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Whether you work in a radio production studio, post production sound studio, TV edit suite, a bedroom project studio or world class music recording facility, the placement of your reference monitors matter.

When making critical decisions about EQ and stereo placement…if your studio reference monitors are not placed correctly your audio mix will not translate outside of your studio environment.

I’ve put together these 6 tips to getting your reference monitors properly setup and placed so you can get the best out of your studio recordings.

1. Don’t Use Consumer Speakers

It must be said straight away that using so called “consumer” speakers as a way to mix your audio is a mistake. Most consumer speakers are made to enhance the sound coming out of the speakers, to make it sound more pleasing for the casual listener. In your recording environment you want the flattest, most neutral sound possible to help you make the right decisions for your mix.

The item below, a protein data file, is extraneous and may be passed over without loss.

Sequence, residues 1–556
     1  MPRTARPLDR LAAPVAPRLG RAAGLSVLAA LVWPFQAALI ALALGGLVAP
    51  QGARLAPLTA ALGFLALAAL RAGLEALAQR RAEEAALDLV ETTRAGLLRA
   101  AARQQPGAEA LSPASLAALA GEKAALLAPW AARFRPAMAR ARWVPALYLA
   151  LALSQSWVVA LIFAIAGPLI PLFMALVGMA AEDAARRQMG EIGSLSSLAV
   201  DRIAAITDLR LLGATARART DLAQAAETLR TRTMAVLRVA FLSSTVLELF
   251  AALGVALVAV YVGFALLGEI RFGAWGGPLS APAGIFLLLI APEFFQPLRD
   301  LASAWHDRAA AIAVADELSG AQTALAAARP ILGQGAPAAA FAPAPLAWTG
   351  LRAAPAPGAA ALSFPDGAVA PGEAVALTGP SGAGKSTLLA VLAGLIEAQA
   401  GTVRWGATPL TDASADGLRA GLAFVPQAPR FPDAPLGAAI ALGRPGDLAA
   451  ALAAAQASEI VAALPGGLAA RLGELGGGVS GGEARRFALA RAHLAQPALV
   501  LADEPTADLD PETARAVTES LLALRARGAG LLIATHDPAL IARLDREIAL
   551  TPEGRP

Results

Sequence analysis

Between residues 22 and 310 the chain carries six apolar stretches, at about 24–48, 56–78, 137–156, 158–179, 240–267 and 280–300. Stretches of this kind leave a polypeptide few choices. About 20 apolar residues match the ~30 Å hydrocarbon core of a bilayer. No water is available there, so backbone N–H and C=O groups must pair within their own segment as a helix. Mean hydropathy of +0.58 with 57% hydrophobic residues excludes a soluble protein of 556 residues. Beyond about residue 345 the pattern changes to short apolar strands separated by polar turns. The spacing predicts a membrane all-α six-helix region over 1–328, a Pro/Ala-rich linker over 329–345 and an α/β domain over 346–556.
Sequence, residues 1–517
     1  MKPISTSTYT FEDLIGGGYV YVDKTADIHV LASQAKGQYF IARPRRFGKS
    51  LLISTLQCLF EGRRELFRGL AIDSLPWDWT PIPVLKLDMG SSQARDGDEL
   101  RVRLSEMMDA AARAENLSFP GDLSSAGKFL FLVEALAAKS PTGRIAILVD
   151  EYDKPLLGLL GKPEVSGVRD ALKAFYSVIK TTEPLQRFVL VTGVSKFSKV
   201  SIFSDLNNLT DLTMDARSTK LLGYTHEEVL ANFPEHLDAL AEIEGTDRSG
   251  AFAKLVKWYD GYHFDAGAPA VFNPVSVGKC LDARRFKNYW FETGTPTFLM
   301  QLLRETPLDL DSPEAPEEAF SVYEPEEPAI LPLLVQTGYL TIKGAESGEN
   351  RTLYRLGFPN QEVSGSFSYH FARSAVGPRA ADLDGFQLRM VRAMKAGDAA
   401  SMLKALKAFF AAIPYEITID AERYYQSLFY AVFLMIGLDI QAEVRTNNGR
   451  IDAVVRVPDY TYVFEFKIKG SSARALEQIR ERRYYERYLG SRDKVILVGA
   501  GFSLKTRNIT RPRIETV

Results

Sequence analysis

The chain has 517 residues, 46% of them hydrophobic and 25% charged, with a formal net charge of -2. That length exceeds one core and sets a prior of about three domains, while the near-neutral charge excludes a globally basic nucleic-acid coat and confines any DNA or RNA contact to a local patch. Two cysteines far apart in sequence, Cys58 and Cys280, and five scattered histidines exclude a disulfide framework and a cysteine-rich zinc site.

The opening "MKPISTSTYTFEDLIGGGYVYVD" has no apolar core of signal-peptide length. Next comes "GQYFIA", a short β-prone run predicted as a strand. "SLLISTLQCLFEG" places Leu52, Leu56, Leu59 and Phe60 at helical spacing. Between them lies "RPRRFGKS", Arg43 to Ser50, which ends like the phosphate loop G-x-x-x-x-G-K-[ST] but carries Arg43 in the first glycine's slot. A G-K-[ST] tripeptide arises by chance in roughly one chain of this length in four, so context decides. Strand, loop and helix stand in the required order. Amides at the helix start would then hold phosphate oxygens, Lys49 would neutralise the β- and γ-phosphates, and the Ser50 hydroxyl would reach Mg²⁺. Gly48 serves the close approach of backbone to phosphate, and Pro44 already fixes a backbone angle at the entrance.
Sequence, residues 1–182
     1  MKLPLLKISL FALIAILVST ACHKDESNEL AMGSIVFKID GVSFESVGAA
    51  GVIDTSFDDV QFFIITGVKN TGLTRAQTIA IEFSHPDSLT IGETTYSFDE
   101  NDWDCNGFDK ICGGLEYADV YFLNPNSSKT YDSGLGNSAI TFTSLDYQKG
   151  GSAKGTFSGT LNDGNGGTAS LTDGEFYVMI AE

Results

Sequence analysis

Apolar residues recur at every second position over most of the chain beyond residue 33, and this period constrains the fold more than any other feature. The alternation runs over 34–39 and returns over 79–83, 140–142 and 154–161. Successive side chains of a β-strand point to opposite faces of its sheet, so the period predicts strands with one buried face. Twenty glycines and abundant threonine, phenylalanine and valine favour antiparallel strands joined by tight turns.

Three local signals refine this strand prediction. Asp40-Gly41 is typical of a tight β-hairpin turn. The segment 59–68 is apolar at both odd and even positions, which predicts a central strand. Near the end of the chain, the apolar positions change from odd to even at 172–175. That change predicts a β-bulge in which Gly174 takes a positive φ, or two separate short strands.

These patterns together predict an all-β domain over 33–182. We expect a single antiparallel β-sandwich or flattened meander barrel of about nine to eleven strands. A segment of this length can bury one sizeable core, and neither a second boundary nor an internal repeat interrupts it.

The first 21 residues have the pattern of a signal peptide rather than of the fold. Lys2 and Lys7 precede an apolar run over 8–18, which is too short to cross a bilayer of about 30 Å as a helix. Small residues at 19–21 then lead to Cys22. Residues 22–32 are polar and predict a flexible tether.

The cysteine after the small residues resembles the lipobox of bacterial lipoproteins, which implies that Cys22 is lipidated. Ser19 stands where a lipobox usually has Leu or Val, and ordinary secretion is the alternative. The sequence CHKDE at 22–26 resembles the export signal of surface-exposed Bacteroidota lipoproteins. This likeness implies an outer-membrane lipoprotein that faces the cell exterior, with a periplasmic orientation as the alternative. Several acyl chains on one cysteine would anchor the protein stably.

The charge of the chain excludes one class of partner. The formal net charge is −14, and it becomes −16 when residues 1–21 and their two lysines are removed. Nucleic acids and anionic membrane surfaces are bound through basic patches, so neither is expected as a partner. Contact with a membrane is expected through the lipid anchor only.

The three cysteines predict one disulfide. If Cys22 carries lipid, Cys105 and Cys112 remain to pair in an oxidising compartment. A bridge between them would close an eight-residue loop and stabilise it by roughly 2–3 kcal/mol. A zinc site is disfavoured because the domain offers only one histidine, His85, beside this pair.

Studio reference monitors come in many sizes and price ranges. Here is a Top 10 list of the best recording studio reference monitors from Attack Magazine. If you’ve been mixing with home speakers and want your mixes to sound their best, it’s time to invest in proper recording studio reference monitors.

I use Behringer TRUTH B2030A reference monitors in my studio…no, they didn’t make the list, but I like them.

2. Stay Away From the Walls

I remember many years ago when shopping for a pair of new speakers for my home, the salesman placed the speakers right up against the wall, going as far as to cram a cassette tape box between the speaker and the wall to “bring out the bottom end” as he put it. When you place a speaker against a wall it gives it an accentuated bass response…something that may sound cool in your living room, but simply won’t do in a recording studio environment.